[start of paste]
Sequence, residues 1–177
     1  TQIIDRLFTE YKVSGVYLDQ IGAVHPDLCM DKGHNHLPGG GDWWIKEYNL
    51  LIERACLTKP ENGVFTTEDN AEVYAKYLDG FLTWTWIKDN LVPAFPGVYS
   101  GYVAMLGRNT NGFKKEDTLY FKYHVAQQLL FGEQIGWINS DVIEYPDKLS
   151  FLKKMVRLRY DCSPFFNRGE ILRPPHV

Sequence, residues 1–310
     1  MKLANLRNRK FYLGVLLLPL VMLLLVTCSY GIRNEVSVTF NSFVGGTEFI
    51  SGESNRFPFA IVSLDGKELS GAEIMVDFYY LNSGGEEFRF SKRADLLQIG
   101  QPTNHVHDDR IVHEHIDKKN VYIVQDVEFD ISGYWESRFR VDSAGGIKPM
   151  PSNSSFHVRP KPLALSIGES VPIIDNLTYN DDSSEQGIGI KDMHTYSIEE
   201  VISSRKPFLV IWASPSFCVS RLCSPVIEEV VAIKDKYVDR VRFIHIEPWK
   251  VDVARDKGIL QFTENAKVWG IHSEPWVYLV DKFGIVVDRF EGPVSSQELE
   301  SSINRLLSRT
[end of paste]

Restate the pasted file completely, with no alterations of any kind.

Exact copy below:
Sequence, residues 1–177
     1  TQIIDRLFTE YKVSGVYLDQ IGAVHPDLCM DKGHNHLPGG GDWWIKEYNL
    51  LIERACLTKP ENGVFTTEDN AEVYAKYLDG FLTWTWIKDN LVPAFPGVYS
   101  GYVAMLGRNT NGFKKEDTLY FKYHVAQQLL FGEQIGWINS DVIEYPDKLS
   151  FLKKMVRLRY DCSPFFNRGE ILRPPHV

Sequence, residues 1–310
     1  MKLANLRNRK FYLGVLLLPL VMLLLVTCSY GIRNEVSVTF NSFVGGTEFI
    51  SGESNRFPFA IVSLDGKELS GAEIMVDFYY LNSGGEEFRF SKRADLLQIG
   101  QPTNHVHDDR IVHEHIDKKN VYIVQDVEFD ISGYWESRFR VDSAGGIKPM
   151  PSNSSFHVRP KPLALSIGES VPIIDNLTYN DDSSEQGIGI KDMHTYSIEE
   201  VISSRKPFLV IWASPSFCVS RLCSPVIEEV VAIKDKYVDR VRFIHIEPWK
   251  VDVARDKGIL QFTENAKVWG IHSEPWVYLV DKFGIVVDRF EGPVSSQELE
   301  SSINRLLSRT